A DIASPORA HERITAGE
Staying with a relative just after my “release” from “incarceration” on Ellis Island, I one morning got ready to visit Manhattan. Influenced by American movies, I for a long time had eagerly anticipated the experience of walking the streets of the city which – to this immigrant, at least – was one of the great marvels of the world.
I dressed up for the occasion and I presented myself to my hostess.
“What do you have in your breast pocket?” she inquired. “Whatever it is, it deforms your suit.”
“I have my identity papers,” I replied. I took out my breast-pocket leather wallet that contained my passport, visa, the ship ticket and other documents that I considered pertinent.
“Why are you carrying all that stuff?” she inquired.
“Well, just in case I will be stopped by the authorities, I need to prove my legal status in this country.”
She laughed. “No one will stop you.”
I was astonished, as this was contrary to my European experiences. Perhaps, one could argue, my fear of authorities is the consequence of my ghetto and concentration camp experiences; it had only been a scant two years since my liberation from the concentration camp.
But during the two years I spent in Germany after liberation, I was employed by the United Nations, and that should have alleviated my fear. After all, for two years I was an officer wearing an American officer’s uniform and had almost all the privileges that U.S. officers enjoyed.
Yet I was still fearful, even in the land of the free. The things is, my fears did not rise from my tragic experiences alone; they had deeper historical roots. My fear came from a feeling that was culturally transmitted to European Jews, a fear shared by my fellow Jews and part of the Jewish psyche for almost 2,000 years: that should we defend ourselves, persecution by Christians will only worsen.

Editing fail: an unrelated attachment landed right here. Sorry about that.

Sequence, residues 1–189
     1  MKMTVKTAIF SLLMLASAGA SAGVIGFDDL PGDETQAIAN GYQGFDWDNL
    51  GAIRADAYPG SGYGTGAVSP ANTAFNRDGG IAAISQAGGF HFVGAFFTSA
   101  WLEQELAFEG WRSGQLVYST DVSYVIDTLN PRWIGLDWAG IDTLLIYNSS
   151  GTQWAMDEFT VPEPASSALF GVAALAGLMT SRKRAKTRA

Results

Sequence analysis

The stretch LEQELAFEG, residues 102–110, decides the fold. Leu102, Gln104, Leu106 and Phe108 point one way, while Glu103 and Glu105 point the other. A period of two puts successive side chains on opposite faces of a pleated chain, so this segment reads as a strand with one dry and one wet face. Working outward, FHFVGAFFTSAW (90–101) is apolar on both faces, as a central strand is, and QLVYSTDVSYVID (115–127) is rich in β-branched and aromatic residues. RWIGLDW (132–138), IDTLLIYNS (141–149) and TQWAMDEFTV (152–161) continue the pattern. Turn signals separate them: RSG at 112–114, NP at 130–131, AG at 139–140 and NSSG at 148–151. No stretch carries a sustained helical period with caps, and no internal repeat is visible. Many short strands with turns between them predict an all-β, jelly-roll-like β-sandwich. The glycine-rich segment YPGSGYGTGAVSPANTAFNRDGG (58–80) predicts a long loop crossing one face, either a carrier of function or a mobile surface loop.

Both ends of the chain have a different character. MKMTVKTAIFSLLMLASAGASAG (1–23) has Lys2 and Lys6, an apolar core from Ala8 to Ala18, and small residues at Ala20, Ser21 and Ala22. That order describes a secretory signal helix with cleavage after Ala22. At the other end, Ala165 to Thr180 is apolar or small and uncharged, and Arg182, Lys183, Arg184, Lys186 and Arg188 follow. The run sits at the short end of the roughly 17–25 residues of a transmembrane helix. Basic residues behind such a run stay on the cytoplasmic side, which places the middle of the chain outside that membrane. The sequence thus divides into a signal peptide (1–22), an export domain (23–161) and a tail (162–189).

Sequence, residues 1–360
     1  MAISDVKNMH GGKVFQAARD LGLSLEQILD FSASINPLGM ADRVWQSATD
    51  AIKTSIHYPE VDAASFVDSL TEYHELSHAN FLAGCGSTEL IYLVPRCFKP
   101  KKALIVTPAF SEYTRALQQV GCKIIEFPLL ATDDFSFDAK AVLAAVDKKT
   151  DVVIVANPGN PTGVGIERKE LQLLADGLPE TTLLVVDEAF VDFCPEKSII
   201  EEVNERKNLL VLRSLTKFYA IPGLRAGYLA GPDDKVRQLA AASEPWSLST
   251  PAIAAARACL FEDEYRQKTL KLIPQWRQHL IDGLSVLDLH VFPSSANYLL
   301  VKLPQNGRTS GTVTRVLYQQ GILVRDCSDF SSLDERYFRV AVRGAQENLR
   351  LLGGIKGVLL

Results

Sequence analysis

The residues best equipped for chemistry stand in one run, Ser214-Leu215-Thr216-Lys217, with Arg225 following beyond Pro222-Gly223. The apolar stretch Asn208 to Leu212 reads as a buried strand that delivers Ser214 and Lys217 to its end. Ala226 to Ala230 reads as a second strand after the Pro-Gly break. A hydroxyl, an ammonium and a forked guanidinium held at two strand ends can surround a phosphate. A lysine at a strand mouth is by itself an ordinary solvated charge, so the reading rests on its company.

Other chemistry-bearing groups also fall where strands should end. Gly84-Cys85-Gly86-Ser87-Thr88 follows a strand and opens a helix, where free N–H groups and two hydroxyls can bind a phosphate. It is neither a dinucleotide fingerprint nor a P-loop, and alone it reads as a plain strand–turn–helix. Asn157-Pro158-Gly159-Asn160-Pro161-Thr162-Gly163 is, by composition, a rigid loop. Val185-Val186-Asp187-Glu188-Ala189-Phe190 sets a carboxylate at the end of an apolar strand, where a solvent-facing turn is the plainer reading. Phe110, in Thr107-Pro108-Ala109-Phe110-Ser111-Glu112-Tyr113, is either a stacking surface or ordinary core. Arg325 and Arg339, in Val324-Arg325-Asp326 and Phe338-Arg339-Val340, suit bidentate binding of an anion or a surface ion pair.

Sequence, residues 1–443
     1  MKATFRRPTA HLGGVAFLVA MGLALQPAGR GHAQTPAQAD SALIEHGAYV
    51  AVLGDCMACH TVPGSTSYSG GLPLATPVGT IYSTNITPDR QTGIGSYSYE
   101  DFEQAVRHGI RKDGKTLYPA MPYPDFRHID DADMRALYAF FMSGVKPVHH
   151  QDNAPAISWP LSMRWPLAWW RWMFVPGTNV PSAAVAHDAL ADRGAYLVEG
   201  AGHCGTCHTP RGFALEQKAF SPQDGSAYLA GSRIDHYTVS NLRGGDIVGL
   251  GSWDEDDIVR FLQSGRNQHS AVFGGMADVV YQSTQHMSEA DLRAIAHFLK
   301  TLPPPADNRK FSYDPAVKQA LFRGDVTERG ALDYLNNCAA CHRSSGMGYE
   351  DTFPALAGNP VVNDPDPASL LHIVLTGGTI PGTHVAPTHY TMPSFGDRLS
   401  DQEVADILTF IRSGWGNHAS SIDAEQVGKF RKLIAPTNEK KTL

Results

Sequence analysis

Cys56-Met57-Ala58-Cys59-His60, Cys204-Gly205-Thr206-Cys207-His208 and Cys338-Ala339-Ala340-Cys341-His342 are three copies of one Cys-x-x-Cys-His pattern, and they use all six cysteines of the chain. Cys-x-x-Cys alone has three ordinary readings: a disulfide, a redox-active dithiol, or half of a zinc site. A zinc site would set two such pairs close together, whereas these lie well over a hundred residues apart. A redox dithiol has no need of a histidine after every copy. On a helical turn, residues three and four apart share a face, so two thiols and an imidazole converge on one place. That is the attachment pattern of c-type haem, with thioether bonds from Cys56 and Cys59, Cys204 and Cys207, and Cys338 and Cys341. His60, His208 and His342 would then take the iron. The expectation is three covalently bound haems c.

In September 2002, I spent two months in Oxford, England, the home of the famous and venerated colleges. During Rosh Hashanah, my wife and I attended services at the local synagogue.
After services, in my discourse with some Jewish professors, I asked the reason why I hardly ever saw any Jewish criticism of the British government’s treatment of Israel. Their response:
“We do not dare!”
I have also experienced this reluctance of Jews to confront Christians in the U.S. My own experiences are too numerous to enumerate, but our reluctance to stand up for our rights is illustrated well enough in an event I will thus describe.
During a Yom Kippur service, I had an opportunity to address the congregation, and in my discourse, I briefly examined anti-Semitism as the Christian dialectic with Judaism. Although most people agreed with my comments, nonetheless many felt that I should have not spoken of this issue publicly.
I too have been indoctrinated into this point of view. From childhood on, I was constantly admonished al tiftach peh l’satan, in this case meaning “do not give the Christians a reason to vent their hostility against us.” The motto by which we lived was “do not rock the boat” – in short, be invisible, do not start any argument or a discourse about religion with Christians.
The assumption was that if we Jews become less noticeable, if we become less visible, if we are less contentious and do not challenge the legitimacy of the ruling majority, then it is less likely that Christians will vent their anti-Semitic hostility and be punitive.
Of course, this belief was rooted in a false consciousness, for the Holocaust began in a country in which Jews were highly integrated and less visible either by lifestyle or politics.